After several days of traveling, Hazi and Bellak could be seen at a Congregational Church in Topeka where a local sports columnist said they seemed to make the ball "squat down flat like a poached egg or squirm over the net as if pulled by an unseen thread."

Then they continued on to reach Denver in time to put on an Apr. 8 Saturday night exhibition at the "new $230,000 Lincoln Room of the Shirley-Savoy Hotel," not coincidentally while Colorado TTA prexy was running his State Closed there. They drew 800 spectators, whereas a week earlier a Fred Perry vs. Don Budge tennis match drew only 500.

First stop in the Pacific Northwest was the Crystal Garden in Victoria, British Columbia. One reporter, after seeing the first of two evening performances, said that Bellak "was the whole show....Blowing the ball back over the net, striking it with the edge of the paddle, juggling ball and paddle, actually playing a game all by himself...." Hazi, however, was "a favorite with the women fans."

In Portland, where Hazi and Bellak played before going back to Canada and finishing their Tour in Calgary, local enthusiast Don Vaughan bragged he’d blanked Bellak, 3-zip. Turns out this was in a fishing contest. Don had caught three, and Bellak, who’d paid $3 for an Oregon fishing license, had caught 0....Who ate the fish? Hazi.

On returning East, Tibor found that he wasn’t the only one who’d been working an audience. In mid-April, at a Greater N.Y. Fund Sports Show at the N.Y.C. Hippodrome, site of what would become Madison Square Garden, wrestlers and boxers were among those posturing and performing, and so were table tennis players. Years later, Tibor was telling me proudly how, when his wife Magda and Bernie Grimes had finished their 11-point exhibition game, the audience had cried out, "More! More!"

Both Tibor and Magda then played in the mid-May Master’s Invitational at the Dan Klepak-managed 5th Ave. Courts. Again Tibor was thwarted in a close match--was beaten in the semi’s (18, -18, 19, -24, -17), after a "wild 4th game," by "Little Dynamite" Lou Pagliaro, called "the most spectacular player in New York," one who never failed to have the crowd with him.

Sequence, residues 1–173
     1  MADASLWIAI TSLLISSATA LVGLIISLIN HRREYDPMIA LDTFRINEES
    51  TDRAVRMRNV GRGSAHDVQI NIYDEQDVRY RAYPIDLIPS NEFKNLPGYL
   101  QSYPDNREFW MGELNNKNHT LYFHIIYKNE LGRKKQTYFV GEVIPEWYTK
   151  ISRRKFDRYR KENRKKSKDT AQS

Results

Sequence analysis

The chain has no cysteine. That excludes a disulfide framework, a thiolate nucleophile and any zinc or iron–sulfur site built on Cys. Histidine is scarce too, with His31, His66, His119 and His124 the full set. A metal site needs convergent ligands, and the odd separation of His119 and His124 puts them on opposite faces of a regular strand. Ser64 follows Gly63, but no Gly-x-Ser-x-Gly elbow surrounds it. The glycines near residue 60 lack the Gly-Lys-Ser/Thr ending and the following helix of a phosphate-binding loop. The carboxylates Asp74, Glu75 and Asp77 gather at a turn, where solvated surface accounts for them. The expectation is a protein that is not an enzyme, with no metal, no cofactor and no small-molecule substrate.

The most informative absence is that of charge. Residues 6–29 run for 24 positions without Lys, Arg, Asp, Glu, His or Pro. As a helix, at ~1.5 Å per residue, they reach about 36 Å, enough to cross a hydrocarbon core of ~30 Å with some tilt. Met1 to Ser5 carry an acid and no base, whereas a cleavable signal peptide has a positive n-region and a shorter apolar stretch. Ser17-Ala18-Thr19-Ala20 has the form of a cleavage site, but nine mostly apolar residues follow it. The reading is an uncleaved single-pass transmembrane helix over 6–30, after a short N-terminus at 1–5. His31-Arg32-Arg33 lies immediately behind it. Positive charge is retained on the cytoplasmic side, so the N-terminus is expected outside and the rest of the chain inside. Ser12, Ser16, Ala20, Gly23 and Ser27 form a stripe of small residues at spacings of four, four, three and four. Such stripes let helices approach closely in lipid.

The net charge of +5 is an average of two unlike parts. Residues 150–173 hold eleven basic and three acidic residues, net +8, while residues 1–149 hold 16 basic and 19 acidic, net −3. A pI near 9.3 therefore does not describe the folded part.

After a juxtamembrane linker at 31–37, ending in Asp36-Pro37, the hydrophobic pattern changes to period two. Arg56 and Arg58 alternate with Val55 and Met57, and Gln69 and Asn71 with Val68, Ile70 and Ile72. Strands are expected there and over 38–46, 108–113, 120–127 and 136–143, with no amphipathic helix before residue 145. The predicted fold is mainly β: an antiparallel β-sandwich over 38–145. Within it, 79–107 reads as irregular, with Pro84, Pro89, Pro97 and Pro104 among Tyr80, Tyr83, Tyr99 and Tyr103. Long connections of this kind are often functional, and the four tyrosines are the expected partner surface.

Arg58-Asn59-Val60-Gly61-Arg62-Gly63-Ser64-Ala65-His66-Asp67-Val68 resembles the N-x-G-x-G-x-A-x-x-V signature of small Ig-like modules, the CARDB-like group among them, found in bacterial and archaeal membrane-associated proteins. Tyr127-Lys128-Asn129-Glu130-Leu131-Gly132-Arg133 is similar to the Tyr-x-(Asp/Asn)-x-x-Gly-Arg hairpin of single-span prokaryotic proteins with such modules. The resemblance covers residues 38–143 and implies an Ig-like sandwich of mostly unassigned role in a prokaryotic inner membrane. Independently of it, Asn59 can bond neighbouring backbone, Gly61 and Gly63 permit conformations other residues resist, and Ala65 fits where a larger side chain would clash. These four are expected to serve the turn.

Magda, however, won the Women’s--though she was no more an overly intimidating figure than her husband. In the quarter’s she -17, 18, 20, 19 almost came to grief against Helen Germaine, then 19, 18, -16, 20 had more anxious moments with Brewer, and finally had to keep winning close ones against Mae Clouther, whose husband Jim had just become President of the USTTA.

The uncertainty of their future had to take a toll on the Hazis. At the May 27 Connecticut Open at Bridgeport, Magda lost in straight games to Brewer, and Tibor was knocked out early by New England’s best, Les Lowry (who went on to upset Schmidt and Grimes). The Hazis also lost in the Mixed Doubles--in two deuce games to Grimes and Germaine.

By August, however, they’d doubtless made fall Tour bookings--and so could combine business with pleasure by playing in the annual Provincetown, Massachusetts tournament and relaxing on the beach at Cape Cod. Magda won the Bronze Dolphin Women’s Singles Trophy over Brewer, 3-0, and the Women’s and Mixed Doubles as well. But Tibor’s Doubles victories were offset when, in the unique Quiniela format, he lost a decisive 19, 20 match to "unseeded and unsung" Eddie Pinner, who upset Schmidt as well.

With the onset of the new season, the Hazis wasted no time--immediately started Touring. First, with Barna and U.S. Women’s Champ Emily Fuller, in the Northeast--beginning at Hartford, Sept. 26 and ending at Philadelphia Oct. 13. Topics reported some unusual dramatics at their final "City of Brotherly Love" engagement:

"BARNA BEATEN, BELLIS BOOED

The first defeat met by 5-times world champion Victor Barna in America, in 5 years of playing here, was administered to him in Philadelphia by Izzy Bellis, U.S. No. 3 player, on Friday, Oct. 13, in what was supposed to be an exhibition. After the first game it developed into a dog-eat-dog battle, in which the famed Barna flick finally succumbed to the poisonous Bellis chop, 2-1. Barna’s Hungarian compatriot, Tibor Hazi, thereupon challenged the Philadelphia star, and his attack likewise was muted, 2-1, after he had held impressive leads. However, Bellis’ double victory was Pyrrhic, as his own home town’s fans applauded the sensational hard-hitting game of Hazi and booed Bellis for his monotonous defensive play. They even hurled a shower of programs into the arena---just like baseball fans---to indicate their disgust with ‘chiseling’ tactics. The finale, a marvelous exhibition by Barna and Hazi, was what the cash customers wanted."

Bellis later defended his "defensive tactics," said he didn’t know the matches were supposed to be exhibitions, and therefore he played to win. But this defense was greeted with much scepticism.